Tuesday, July 6, 2010

How to Master Setting in Novels

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How to Master Setting in Novels

by C. Patrick Schulze

Have you ever been to war? Have you felt the pulsing of battle within your body? If not, then read author DAVID L. ROBBINS. With his NOVELS, this guy jams his readers into the center of a battlefield in such a way you can almost feel the heat of the bullet as it screams past your head. How does he immerse his readers into the horrific environs of battle so well?

He's mastered the art of SETTING.

With that in mind, let’s introduce those components of setting which give your readers a full sense of the time and place in which you plunge them.

1. The geographical location of your novel
2. The time in which your novel takes place
3. The climate and/or weather in your novel
4. The lifestyle of your characters in your novel
5. The atmosphere or emotional quality of your novel

As to the geographical location of your novel, it helps if you write about a place you know, but it’s often more interesting if you create your own WORLD. Either way, the secret is to be as accurate as possible, for readers can spot a mistake in less time than it took to write it.

The type of story you craft will often dictate the time. The secret is to learn, or imagine as the case may be, as much about the era in which you write. I write novels that take place during the American Civil War. Therefore, I read about the time, walk the battlefields, visit towns of the era, visit museums where uniforms, dresses and quilts of the time are exhibited. Then, as I write, all these things assist when I attempt to create a true to life setting for my readers.

Climate is one of those aspects to setting many writers forget to use it to its maximum advantage in their novels. It offers so much in the way of establishing the mood of a scene. It also gives a writer any number of opportunities to incorporate sound and visual enhancements into their novel.

Lifestyle is an aspect to setting that generally comes out in the novel of its own volition. However, the best writers specifically use this as a tool in constructing setting.

Atmosphere is the mood or feeling of your book, the emotional quality of your novel. Imagine the mournful howl of a lone wolf at night or the cheery chirps of birds at dawn, and you'll understand how setting can alter the atmosphere of your novel.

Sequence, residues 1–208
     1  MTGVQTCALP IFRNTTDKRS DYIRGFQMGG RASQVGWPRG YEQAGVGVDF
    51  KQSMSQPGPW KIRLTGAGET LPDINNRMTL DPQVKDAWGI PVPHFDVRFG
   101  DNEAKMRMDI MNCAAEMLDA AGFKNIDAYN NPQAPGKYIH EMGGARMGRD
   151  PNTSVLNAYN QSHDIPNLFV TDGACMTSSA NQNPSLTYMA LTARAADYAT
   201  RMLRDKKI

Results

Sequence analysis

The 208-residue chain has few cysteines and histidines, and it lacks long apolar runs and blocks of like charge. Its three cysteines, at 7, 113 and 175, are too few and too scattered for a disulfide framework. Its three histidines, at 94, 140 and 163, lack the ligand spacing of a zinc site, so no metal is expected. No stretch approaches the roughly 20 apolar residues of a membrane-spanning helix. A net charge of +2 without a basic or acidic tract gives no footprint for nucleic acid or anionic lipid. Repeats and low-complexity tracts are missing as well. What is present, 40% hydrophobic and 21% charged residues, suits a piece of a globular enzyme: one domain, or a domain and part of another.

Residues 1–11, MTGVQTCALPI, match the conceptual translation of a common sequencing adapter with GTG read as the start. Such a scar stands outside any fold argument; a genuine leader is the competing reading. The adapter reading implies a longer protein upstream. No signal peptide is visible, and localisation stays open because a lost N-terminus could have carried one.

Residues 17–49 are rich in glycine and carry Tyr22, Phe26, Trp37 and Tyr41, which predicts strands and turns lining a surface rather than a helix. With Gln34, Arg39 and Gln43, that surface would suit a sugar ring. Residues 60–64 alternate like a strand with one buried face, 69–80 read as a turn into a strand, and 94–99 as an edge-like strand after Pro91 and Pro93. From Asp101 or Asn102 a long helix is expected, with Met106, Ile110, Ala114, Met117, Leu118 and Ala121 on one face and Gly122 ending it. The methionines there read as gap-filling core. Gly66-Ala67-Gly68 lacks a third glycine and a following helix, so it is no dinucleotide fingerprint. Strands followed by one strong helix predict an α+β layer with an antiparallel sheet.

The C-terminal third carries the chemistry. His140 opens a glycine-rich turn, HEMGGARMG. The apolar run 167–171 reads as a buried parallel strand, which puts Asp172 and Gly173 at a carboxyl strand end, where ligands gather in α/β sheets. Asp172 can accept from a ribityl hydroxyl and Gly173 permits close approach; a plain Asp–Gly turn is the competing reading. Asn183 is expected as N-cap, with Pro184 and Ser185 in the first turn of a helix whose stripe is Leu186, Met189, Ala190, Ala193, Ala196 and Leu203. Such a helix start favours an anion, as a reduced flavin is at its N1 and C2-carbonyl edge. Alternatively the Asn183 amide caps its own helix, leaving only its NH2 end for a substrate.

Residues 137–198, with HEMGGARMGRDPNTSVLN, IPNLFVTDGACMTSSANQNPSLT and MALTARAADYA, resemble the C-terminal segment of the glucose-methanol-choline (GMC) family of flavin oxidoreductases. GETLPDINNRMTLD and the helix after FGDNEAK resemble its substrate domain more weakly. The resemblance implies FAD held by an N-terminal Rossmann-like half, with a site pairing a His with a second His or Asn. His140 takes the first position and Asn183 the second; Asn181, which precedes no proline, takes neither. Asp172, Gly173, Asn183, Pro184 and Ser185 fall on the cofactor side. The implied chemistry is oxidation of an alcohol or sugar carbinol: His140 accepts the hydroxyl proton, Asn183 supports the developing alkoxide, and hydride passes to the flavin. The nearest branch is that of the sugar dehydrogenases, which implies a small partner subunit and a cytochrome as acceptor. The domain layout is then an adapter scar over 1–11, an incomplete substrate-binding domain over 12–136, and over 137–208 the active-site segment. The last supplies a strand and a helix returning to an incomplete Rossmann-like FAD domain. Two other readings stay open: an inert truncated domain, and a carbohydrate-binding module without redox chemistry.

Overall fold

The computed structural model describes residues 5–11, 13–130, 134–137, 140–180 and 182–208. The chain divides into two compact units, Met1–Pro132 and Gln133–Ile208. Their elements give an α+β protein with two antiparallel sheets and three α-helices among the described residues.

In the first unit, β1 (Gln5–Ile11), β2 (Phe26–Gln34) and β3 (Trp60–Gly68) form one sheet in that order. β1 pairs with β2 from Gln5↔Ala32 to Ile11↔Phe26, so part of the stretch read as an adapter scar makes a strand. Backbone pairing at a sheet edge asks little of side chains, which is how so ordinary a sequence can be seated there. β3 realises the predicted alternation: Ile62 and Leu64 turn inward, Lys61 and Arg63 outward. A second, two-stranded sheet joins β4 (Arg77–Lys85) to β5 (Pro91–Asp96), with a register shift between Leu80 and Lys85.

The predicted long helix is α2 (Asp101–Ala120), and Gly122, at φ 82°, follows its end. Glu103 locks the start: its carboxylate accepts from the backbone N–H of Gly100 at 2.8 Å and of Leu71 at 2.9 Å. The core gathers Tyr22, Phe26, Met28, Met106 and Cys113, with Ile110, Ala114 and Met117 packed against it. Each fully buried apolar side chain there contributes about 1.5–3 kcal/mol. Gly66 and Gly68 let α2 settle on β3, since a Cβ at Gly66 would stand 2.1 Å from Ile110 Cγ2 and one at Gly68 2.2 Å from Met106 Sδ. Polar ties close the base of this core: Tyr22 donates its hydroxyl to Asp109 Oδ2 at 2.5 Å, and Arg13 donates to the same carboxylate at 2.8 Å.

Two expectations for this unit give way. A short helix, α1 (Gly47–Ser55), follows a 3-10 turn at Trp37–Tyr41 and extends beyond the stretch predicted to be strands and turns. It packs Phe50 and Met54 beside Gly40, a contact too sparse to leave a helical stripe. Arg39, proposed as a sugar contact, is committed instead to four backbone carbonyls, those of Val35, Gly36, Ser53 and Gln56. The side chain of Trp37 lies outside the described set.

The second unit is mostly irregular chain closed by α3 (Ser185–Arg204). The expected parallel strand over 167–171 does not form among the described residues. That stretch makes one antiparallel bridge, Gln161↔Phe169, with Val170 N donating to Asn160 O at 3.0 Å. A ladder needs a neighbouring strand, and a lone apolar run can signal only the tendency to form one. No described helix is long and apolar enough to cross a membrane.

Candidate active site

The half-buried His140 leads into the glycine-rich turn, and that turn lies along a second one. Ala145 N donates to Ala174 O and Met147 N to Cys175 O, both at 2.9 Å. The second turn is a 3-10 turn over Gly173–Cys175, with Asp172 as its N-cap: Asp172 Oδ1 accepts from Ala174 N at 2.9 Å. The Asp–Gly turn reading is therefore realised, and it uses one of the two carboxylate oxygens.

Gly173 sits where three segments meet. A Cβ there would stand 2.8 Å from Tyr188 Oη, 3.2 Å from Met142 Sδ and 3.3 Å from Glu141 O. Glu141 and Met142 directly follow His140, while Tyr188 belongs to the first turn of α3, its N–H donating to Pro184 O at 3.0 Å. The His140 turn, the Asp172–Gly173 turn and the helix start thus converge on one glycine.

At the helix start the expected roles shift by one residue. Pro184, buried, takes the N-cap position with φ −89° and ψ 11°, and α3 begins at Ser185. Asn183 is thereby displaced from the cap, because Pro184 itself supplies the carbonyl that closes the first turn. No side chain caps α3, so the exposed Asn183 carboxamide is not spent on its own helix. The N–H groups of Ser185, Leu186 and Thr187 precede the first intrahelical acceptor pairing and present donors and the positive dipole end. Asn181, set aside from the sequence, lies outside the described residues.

Why is setting so important in your novel? The major reasons are as follows:

Setting Creates Consistency within Plots and Subplots. A consistent setting can keep it all joined together so the reader mentally stays within a comfortable framework.

Setting Enhances Conflict. Think about a scene with rumbling thunder and stabs of lightning in the inky sky. Does that create more tension than say an idyllic spring day in the park? Should you wish to use that tranquil day among the flowers, plop a flock of buzzards in the middle of the field and see how things change.

Setting Illustrates a Character’s Character. The manner in which your characters speak, dress, move and even curse will evoke in your reader a picture of your character. Imagine a dockhand who never utters a profane word. Would that image provide an insight into your character?

The real secret to setting is to introduce it not in chunks of information, or the classic info-dump. Rather, introduce it by way of your character's action, dialogue and such. As an example, it's probably best not to describe the landscape with narrative. Rather show how the character moves through tall grass, picks the flowers or smells the honeysuckle as it bursts forth and fills the air with its sweet nectar.

Before I close, I’d like to offer you one last tip as to setting. Employ your readers’ five senses. All authors seem to work in sight and sound by rote, but many aspiring writers miss the other three senses. Ensure your characters also smell, taste and feel their surroundings and your readers will do the same.

Are there any tips on setting you'd like to share?

Until we speak again, know I wish for you only best-sellers.

C. Patrick Schulze
Author of the now-at-the-editors novel, "Born to be Brothers"


  1. Paying attention to the senses and the experience your characters are having within a specific setting completely makes it believable. I love that you discussed details as small as the weather or plant-life, and making them impressive by having characters interact naturally. Narrative bogged down with too much setting detail can wear quickly. YA Highway also has a really good post on setting today. Can we link you up for Friday? This is great, yet again!


  2. I didn't have many settings in my book - inside a flagship, on a spaceport, in space, etc. - but you're right that the feel of each one is important.

  3. C. Patrick SchulzeJuly 6, 2010 at 9:33 PM

    I always look forward to your requests to link, Marissa. You make me feel like a writer.

    Of course you're welcome to link to the article.
    I appreciate it.


  4. C. Patrick SchulzeJuly 6, 2010 at 9:34 PM

    Say, Alex. You sure about that?